I went to GOMA few days after our arrival. I heard dozens of stories from H. about how many nice exhibitions he saw here and that it was one of his favourite places when he used to live in Brisbane. So I could not wait and see it for myself!
I enjoyed visiting the building, taking my time reading through the current program booklet, browsing at the museum shop and discovering that most of the exhibitions can be visited for free. I remembered having the same happy realisation when I was a student in Luton. Whenever I went to London, the free visits at the National Gallery were the highlight of my day. It was nice to see that even here, culture is not only for those who can afford it, but for everyone.
Although I was tempted to go and see an exhibition straight away that day, I decided to wait for H. Couple of weeks later, making use of the Bonus Day — as we called the public holiday of Ekka — we planned a day in the city, including GOMA as one of our stops. We visited ‘My Country, I Still Call Australia Home: Contemporary Art from Black Australia’; the unique exhibit apparently is the Gallery’s largest exhibition of contemporary art by Aboriginal and Torres Strait Islander artists to date.
It tells about the history and everyday life of Indigenous people as well as their connection to the country – in relation with the immigrants. The art pieces – photos, paintings, sculptures, moving-image works and installations – are about oppression, persecution and forgiveness. For me the whole subject is particularly engaging because ever since we moved here I have the enthusiasm and interest of a first grade kid, trying to learn as much as possible about my new country of residence. And I do believe that learning about stories of Indigenous people is a crucial part of my lessons here.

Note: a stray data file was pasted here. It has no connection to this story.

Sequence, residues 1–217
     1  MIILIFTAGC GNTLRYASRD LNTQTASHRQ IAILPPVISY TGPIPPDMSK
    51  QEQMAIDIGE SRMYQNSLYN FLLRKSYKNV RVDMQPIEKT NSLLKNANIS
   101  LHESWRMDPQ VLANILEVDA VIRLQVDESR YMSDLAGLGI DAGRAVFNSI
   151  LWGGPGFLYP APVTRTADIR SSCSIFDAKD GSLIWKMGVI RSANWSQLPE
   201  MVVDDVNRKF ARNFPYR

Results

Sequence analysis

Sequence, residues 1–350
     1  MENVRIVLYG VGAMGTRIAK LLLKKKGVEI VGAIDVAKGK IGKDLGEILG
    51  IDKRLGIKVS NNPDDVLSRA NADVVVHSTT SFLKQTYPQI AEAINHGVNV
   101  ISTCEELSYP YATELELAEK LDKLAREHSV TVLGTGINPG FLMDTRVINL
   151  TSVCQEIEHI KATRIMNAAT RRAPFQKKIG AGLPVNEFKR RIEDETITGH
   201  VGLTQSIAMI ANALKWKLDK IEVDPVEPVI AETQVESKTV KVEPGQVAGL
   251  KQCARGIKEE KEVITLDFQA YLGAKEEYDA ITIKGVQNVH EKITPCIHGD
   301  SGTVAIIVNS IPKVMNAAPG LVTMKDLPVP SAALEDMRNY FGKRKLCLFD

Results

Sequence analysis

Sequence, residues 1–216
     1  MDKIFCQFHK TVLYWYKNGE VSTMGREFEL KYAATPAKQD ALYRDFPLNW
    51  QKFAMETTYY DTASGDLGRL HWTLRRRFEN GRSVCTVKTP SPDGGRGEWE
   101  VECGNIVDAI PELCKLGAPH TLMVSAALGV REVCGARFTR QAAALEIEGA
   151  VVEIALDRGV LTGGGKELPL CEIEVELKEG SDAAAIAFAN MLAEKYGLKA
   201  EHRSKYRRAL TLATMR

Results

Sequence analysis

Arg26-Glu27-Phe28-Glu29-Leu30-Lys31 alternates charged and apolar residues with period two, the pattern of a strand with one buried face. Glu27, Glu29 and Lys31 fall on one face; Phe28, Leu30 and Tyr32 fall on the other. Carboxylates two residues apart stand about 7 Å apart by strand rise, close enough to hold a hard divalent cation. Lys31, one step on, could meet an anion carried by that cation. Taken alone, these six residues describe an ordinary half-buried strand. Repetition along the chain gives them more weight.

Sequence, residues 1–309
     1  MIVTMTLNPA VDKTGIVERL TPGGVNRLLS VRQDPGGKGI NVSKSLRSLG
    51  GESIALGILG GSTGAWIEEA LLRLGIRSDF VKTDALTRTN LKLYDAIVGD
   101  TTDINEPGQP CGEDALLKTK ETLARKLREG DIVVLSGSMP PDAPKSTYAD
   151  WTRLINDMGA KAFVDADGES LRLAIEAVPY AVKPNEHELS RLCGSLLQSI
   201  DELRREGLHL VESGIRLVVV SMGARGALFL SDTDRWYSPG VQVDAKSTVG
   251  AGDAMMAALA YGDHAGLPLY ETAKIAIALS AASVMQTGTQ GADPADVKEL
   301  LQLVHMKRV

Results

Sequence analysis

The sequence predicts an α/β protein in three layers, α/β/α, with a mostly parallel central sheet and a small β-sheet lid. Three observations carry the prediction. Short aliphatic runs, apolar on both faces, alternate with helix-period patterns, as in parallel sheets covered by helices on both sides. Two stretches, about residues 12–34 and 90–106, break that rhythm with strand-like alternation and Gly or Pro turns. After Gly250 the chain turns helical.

I also really liked how kid-friendly the exhibition was! For example I have never seen that while giving information about a work of art they also use a “child translation”, a shorter, more understandable version, which, by the way, can also be very useful for those learning English. Turns out the museum is a pioneer at organising interesting programs for the little ones, and it also runs a Children’s Art Centre with loads of interactive activities.